$60: Cell Phone Bill - an unfortunate necessity in life these days, kept a bit lower with the 10% discount GCI gave me for being a VISTA (small wins add up!) The money is automatically charged as soon as I get paid and I don’t spend much of my time thinking about it.
$40: Miscellaneous - As hard as I tried to plan ahead, there is inevitably always something you end up needing (a Lyft home during a Fairbanks-famous sudden torrential downpour, a pack of band-aids after accidentally scratching yourself on the walk home, or a tube of toothpaste because, well, personal hygiene) and it’s always safe to leave room for this. Between personal hygiene needs and the occasional transportation, I have spent almost exactly $40 on these necessities each month.
My budget in Fairbanks isn’t perfect - ideally I could have found lower rent or tried to find a room closer to another grocery store - but I’m only here for ten weeks and I’m doing what I can to make the best of it. I have a comfortable roof over my head and enough money for my favorite things (Thai food), and I have been able to live a relatively comfortable life on the (admittedly tight) living allowance.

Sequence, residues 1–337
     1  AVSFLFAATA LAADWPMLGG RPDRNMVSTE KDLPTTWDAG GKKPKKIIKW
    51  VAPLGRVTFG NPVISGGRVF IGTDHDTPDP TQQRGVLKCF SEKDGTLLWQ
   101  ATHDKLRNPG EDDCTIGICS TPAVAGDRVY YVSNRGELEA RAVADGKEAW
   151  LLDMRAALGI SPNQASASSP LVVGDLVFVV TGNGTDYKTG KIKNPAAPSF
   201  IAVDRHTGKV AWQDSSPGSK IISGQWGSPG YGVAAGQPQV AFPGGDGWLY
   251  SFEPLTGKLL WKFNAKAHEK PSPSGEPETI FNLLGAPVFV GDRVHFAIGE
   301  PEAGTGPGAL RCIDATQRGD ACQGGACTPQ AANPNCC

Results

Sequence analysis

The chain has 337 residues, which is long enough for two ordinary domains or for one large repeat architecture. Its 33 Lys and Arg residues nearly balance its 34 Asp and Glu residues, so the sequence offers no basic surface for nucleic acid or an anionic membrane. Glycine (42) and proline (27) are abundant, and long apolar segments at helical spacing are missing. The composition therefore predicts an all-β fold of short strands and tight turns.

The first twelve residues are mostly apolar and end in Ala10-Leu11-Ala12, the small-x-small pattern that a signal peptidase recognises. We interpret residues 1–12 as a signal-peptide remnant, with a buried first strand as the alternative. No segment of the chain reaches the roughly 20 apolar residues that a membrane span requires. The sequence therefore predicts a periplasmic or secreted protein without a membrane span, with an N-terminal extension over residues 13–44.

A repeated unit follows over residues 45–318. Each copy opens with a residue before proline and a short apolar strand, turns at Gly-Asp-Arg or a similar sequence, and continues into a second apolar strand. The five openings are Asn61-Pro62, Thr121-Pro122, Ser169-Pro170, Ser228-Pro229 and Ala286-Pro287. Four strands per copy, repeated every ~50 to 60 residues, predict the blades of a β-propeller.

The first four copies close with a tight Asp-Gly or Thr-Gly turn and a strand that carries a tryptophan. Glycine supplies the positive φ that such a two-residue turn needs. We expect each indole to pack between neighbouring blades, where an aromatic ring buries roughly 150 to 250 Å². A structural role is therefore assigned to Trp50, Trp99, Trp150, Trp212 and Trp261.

From May 27-August 4, Fairbanks will host 5 summer associates at 3 sites. These VISTA responsibilities differ from full-year VISTAs. Instead of focusing on capacity building, summer associates perform direct service for their sites.